The Three C s of Urban Transportation Planning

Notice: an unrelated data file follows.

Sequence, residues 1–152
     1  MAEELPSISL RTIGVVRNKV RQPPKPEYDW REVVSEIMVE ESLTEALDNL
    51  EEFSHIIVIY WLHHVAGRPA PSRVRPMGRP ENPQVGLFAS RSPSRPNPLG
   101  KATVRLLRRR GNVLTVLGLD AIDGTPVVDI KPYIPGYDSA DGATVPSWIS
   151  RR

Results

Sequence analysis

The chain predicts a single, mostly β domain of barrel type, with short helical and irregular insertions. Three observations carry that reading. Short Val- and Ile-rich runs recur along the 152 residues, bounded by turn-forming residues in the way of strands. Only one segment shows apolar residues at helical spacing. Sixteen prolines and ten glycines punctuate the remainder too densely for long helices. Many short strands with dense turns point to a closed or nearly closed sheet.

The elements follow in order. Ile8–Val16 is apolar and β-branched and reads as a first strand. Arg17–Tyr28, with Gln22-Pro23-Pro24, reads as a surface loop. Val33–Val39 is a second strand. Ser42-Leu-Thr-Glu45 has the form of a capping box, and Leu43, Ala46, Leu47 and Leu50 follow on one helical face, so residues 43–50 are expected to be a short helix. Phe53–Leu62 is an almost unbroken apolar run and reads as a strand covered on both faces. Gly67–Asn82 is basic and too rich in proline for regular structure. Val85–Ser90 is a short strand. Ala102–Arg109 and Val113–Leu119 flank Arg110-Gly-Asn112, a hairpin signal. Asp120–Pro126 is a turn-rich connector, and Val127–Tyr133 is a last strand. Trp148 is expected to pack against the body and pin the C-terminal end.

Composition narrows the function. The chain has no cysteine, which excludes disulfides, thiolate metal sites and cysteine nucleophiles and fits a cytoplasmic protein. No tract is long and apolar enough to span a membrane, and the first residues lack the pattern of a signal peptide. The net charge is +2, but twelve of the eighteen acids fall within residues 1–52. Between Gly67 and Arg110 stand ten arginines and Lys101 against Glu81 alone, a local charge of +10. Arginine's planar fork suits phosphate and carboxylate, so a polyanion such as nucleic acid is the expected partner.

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1 The Three C s of Urban Transportation Planning Edward G. W etzel Engineer of Transportation Policy Port of New York Authority The need for continuing, comprehensive, urban transportation planning on a cooperative basis among all levels of governmental units is emphasized by the growing importance of transportation as a major segment of our economy. Transport facilities have linked our nation together socially, economically, and politically. As our national population and economic activity increase in the future, so also will the demands for transport improvement, both in the need for the movement of goods and the need for travel. Urban Development Population W e are fast becoming an urban nation. Over 70 percent of our population live in urban areas. By the year 2000 the national population may double what it is today with well over 80 percent residing in urban areas. A good proportion of the population increase will continue to take place in the major metropolitan areas, such as New York, Chicago, Los Angeles, Philadelphia, Pittsburgh, Boston, and others. There will be also an increasing tendency to spread out into the suburbs and beyond, linking clusters of smaller cities. A well known example is the North Atlantic Seaboard area from north of Boston to Washington where almost the entire length of approximately 600 miles is urbanized. There has been a noticeable decline in the residential density within the central city as the urban areas grew in size and extended to metropolitan areas. This pattern of population loss has generally occurred in the older developed portions of cities. However, there are strong indications that this trend is declining as the character of the central city undergoes changes brought about largely by urban redevelopment, both in residential and commercial. A variety of factors appear to be influencing the population shifts: availability of the developable land for residential growth and expanding industrial development, expansion of major retail establishments from the central business district to branch outlets in suburban shopping centers, and the relative accessibility by motor vehicle. The desire for 61